Guinea baboons are strategic cooperators

Formaux, A., Sperber, D., Fagot, J., & Claidière, N. (2023) Guinea baboons are strategic cooperators. Science Advances, 9(43), eadi5282. doi:10.1126/sciadv.adi5282

Abstract: Humans are strategic cooperators; we make decisions on the basis of costs and benefits to maintain high levels of cooperation, and this is thought to have played a key role in human evolution. In comparison, monkeys and apes might lack the cognitive capacities necessary to develop flexible forms of cooperation. We show that Guinea baboons (Papio papio) can use direct reciprocity and partner choice to develop and maintain high levels of cooperation in a prosocial choice task. Our findings demonstrate that monkeys have the cognitive capacities to adjust their level of cooperation strategically using a combination of partner choice and partner control strategies. Such capacities were likely present in our common ancestor and would have provided the foundations for the evolution of typically human forms of cooperation.

Selective and contagious prosocial resource donation in capuchin monkeys, chimpanzees and humans

Claidière, N., Whiten, A., Mareno, M. C., Messer, E. J. E., Brosnan, S. F., Hopper, L. M., . . . McGuigan, N. (2015). Selective and contagious prosocial resource donation in capuchin monkeys, chimpanzees and humans. Scientific reports(5), 7631. doi: 10.1038/srep07631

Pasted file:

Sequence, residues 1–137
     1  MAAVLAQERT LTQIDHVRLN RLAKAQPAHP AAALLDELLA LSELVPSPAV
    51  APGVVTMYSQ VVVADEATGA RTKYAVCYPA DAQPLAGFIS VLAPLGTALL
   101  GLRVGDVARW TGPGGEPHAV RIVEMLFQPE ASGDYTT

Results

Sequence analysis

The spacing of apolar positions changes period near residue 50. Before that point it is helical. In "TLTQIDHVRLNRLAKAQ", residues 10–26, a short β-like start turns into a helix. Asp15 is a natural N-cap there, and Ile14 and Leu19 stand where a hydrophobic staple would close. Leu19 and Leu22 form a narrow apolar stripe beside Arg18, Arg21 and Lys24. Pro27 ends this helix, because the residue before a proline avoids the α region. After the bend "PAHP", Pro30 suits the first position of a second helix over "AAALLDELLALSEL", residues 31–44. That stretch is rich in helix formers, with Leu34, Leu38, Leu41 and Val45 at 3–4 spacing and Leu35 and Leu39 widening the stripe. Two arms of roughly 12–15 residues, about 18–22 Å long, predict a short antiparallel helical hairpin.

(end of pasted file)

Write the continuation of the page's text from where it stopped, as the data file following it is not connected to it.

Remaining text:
Prosocial test for capuchins, chimpanzees and humans

Figure: Experimental setup with chimpanzees, capuchins and humans (adults and infants). Drawing from Jason Zampol.
Abstract: Prosocial acts benefitting others are widespread amongst humans. By contrast, chimpanzees have failed to demonstrate such a disposition in several studies, leading some authors to conclude that the forms of prosociality studied evolved in humans since our common ancestry. However, similar prosocial behavior has since been documented in other primates, such as capuchin monkeys. Here, applying the same methodology to humans, chimpanzees, and capuchins, we provide evidence that all three species will display prosocial behavior, but only in certain conditions. Fundamental forms of prosociality were age-dependent in children, conditional on self-beneficial resource distributions even at age seven, and conditional on social or resource configurations in chimpanzees and capuchins. We provide the first evidence that experience of conspecific companions’ prosocial behavior facilitates prosocial behavior in children and chimpanzees. Prosocial actions were manifested in all three species following rules of contingency that may reflect strategically adaptive responses.